Finding a Hemi Challenger convertible today is no ordinary thing, especially when one considers that Dodge produced only nine such cars in 1970. Our subject car, the second one produced, and the first to hit the street, did so under unusual circumstances: it was sold by the dealer principle at cost to a friend while they were playing their weekly game of checkers. In return for the sizeable discount, the buyer, a Poplar Bluffs, MO anesthesiologist named Langford Palmer, agreed to the dealer’s one caveat, that he race it on the street. It was a win-win accord: Palmer and his Challenger built a reputation as unbeatable, and the Dodge dealer’s sales went through the roof. Palmer eventually sold the Challenger to a Ford dealer, who transplanted the Hemi into his boat, put a smaller engine in the car and sold it to a farmer near Rapid City, SD. That might have been the end of the story, had the Hemi engine not been discovered years later in a Denver, Colorado machine shop, its owner having abandoned it when he could not pay the shop’s bill for machining services. A buyer, Mr. Jim Lynch, paid the shop’s bill, located Langford Palmer through Chrysler’s records division, and through Palmer managed to purchase the car from the Rapid City farmer. Lynch then took both the engine and the Challenger to Roger Gibson for restoration in 1993. Gibson completed the project in 1996, after insisting on factory correctness rather than the over-restored approach initially favored by Lynch. Today the car remains factory correct and expertly detailed, just as Roger Gibson insisted on when he first undertook its restoration. The under-hood detailing in particular has received special attention in a Mopar Action magazine article about the car, in which Gibson recounted the fine points of correctly finishing this exceptionally rare Hemi Challenger to Certified Reference status. Number two in the total production sequence of nine Hemi Challenger convertibles, the car comes with copies of the original dealer paperwork, including the bill of sale.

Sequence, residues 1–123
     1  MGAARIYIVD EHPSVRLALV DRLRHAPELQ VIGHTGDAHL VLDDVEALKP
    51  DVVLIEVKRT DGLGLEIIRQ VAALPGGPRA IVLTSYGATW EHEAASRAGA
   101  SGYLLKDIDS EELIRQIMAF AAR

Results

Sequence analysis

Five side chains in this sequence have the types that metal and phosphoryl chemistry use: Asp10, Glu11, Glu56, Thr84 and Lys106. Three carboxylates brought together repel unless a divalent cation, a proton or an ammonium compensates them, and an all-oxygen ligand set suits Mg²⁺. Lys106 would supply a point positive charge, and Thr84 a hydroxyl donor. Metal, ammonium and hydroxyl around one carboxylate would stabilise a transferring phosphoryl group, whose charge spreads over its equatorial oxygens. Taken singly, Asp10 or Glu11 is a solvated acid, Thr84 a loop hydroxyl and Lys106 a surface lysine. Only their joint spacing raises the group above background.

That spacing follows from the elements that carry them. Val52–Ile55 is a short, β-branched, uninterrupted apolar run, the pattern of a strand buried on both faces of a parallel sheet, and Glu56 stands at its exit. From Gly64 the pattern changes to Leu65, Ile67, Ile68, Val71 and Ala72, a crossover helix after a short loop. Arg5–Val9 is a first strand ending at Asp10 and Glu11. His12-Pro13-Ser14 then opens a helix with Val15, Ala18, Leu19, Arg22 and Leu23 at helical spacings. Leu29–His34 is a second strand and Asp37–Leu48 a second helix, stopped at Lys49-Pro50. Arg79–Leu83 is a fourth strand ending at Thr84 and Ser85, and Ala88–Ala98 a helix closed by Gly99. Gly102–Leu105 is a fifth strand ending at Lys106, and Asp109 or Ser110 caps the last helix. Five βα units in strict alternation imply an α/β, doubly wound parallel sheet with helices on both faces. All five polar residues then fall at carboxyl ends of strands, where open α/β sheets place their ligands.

SCM Analysis


Vehicle:1970 Dodge Challenger R/T Hemi Convertible
Years Produced:1970
Number Produced:Nine for United States, three for export
Original List Price:$4,900
SCM Valuation:$450k to $650k
Tune Up Cost:$1,000
Distributor Caps:$20
Chassis Number Location:On dash VIN tag, driver's door jamb decal, fender tag on left inner fender, well under hood, stamped on left side on cowl and back left side of radiator core support.
Engine Number Location:Passenger side of engine block, on machined pad above oil pan rail and in front of motor mount
Club Info:WPC Club
Alternatives:1970-71 Hemi 'Cuda convertible, 1970 Chevelle LS-6 convertible, Mopar B Body Hemi convertibles
Investment Grade:A

This car sold for $750,000 post-block at Dana Mecum’s Spring Classic Auction, held May 19-23, 2010 in Indianapolis, IN. (The car sold in what Mecum refers to as their “The Bid Goes On” process).

Wait, 750 Big Ones for a green-on-green, automatic Challenger? Welcome to the funhouse mirror world of Mopar Hemi E-Body (Dodge Challenger and Plymouth Barracuda) drop tops.